Email communications can result in contracts being formed and subsequently varied between two parties. Businesses need to be aware of the fact that even more informal communications electronically mediated via text, instant message communications and skype can have the same effect as a written legal contract.
Instant Message communications are commonly thought of by parties as being real time live conversations which take place over the internet. However it is a mistake to consider them as being oral in their legal character. Such communications can be saved by a party involved in business dealings and, depending on the circumstances, relied upon as a formal written contract capable of enforcement.
When examining the enforceablity of oral, text, skype or instant message communications, you should revert to ordinary principles of contract law to determine whether all of the elements required are present to establish a legally valid contract giving rise to binding rights and obligations. There is no reason why instant message communications could not result in the formation or alteration of a signed or unsigned contract, provided the other elements of a contract are present.
In today’s modern world business representatives frequently engage in communications by instant message, which is an essential tool in the conduct of business online. Online businesses are involved in exchanges by instant message with customers, suppliers and business partners.
Businesses need to be alert to the real risk that their agents, representatives or employees may inadvertently make representations which create legal obligations, irrespective of whether or not they have been granted specific permission to do so.
Under the law if a person has the apparent or ‘ostensible’ authority to bind a business contractually, and the other party reasonably relies on this authority, this will be sufficient to bind the business legally and give rise to legal consequences.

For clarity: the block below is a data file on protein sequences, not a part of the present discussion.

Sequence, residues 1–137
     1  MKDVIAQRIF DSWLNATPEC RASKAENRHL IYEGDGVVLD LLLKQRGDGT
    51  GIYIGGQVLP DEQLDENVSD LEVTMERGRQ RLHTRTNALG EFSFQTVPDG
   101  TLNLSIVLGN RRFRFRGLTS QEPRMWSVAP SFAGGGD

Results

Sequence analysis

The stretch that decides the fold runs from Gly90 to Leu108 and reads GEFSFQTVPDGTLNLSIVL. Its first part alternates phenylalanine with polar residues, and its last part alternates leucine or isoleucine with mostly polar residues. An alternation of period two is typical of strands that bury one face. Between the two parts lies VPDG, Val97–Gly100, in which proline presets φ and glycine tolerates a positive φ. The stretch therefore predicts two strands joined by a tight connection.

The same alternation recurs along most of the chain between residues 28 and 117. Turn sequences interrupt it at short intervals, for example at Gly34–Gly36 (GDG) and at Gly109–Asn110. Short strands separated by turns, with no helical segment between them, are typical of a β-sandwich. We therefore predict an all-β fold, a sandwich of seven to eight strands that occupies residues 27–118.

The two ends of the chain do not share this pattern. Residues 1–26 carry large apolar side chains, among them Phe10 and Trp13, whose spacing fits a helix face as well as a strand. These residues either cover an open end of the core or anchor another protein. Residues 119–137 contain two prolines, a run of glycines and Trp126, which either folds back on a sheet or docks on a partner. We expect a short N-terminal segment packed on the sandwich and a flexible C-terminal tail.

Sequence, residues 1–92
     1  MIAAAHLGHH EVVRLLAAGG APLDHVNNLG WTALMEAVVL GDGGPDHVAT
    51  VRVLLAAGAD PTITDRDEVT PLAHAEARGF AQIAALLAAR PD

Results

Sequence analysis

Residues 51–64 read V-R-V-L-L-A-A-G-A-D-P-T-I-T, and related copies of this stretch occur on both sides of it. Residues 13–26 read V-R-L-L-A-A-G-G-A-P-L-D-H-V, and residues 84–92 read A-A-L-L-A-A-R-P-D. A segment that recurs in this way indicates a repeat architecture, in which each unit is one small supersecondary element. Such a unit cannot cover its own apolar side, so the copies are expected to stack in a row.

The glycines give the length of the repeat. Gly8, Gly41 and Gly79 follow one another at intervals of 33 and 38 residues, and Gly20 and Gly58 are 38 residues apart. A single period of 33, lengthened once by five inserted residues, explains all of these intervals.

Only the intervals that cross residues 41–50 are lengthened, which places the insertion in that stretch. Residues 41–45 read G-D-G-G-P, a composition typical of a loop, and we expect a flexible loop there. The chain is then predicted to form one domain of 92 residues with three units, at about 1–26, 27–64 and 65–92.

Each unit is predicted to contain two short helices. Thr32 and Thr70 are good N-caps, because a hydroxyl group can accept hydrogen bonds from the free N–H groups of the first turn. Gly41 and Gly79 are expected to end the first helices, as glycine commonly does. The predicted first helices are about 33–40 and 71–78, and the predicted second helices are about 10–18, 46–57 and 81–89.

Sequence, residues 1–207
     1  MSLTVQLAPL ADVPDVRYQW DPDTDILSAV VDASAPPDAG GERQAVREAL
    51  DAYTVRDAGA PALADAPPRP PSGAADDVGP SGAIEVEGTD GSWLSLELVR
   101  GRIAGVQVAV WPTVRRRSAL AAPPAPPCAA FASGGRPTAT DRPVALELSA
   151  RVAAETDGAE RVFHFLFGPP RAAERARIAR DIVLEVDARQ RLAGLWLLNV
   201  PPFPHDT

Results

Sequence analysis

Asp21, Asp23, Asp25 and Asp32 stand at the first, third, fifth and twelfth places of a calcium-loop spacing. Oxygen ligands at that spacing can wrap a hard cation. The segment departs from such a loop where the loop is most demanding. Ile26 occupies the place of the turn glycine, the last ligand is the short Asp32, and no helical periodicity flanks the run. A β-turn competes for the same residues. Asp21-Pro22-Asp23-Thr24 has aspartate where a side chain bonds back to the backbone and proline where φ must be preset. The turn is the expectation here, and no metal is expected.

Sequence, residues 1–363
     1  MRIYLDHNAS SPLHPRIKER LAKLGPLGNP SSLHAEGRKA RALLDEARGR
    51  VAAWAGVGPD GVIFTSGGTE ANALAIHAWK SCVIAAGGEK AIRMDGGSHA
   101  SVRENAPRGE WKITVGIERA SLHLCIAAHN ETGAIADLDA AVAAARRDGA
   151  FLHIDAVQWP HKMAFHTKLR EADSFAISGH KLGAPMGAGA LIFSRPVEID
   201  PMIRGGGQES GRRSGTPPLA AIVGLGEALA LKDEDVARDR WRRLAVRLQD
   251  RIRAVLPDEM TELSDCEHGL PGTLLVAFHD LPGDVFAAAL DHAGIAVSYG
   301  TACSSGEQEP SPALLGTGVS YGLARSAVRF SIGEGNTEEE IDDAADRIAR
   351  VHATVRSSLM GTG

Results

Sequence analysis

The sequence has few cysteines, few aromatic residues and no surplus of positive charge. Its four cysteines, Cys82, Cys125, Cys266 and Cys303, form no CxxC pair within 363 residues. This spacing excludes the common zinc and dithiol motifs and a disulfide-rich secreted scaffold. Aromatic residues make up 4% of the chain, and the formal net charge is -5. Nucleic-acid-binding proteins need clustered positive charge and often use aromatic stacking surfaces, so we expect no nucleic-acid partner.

The fact that instant message communications can modify written contracts was illustrated in a recent US case, CX Digital Media v Smoking Everywhere. In this case the defendant sold cigarettes and CS, an affiliate market network, were paid by the defendant to generate sales referrals under a written agreement.
The written agreement contained a clause which included a limit of 200 sales per day and a ‘no oral modification clause’ which stated that the terms of the written agreement could only be “by a subsequent writing signed by both parties”.
The defendant’s Vice President of Marketing was engaged in an instant message exchange with CX about various matters including the 200 day limit clause. A copy of the transcript revealed CX as saying “We can do 2000 orders/day by Friday if I have your blessing” to which the VP’s response was “NO LIMIT”.
A dispute arose over the payment to CX of affiliate sales of 1244 sales per day, and the issue of the enforceability of the Instant Message communication arose for a court’s consideration.
The Court analysed the case by applying principles of contract law. The court held that the IM conversation about modifying the 200 sales per day limit was definitive, and that CX had asked whether they could increase that to 2000 referrals today byasking for the defendant’s blessing. The court construed this as the offer of a new term, and the defendant’s response “NO LIMIT” as a counter-offer which suggested a new term.
This varied the terms of the original offer, and CX accepted this conter-offer by signifying their assent when CX said “awesome!” in the IM transcript. The defendant tried to argue that there was a clause stating that there was to be no modification of the written contract otherwise than by a signed written agreement. However as the Court pointed out the instant message agreement wasn’t oral; it was in writing. Under the law of Delaware and other jurisdictions, conduct or statements can modify a written contract whether signed or unsigned in any event.
Finally the VP advertising argued that only he had the capacity to modify the contract however the court said that there was enough evidence to indicate that the VP of marketing had the capacity to bind the company and that CX was entitled to rely upon this.
The case serves as a reminder that informal communications, whether oral, by email or even instant messages can create and even modify written signed agrements. As business representatives are increasingly engaging in informal communications such as text, email and Instant messages, businesses should be aware that what they may perceive as electronically mediated ‘conversations‘ may qualify as ‘writing’ and give rise to binding contractual legal rights and obligations.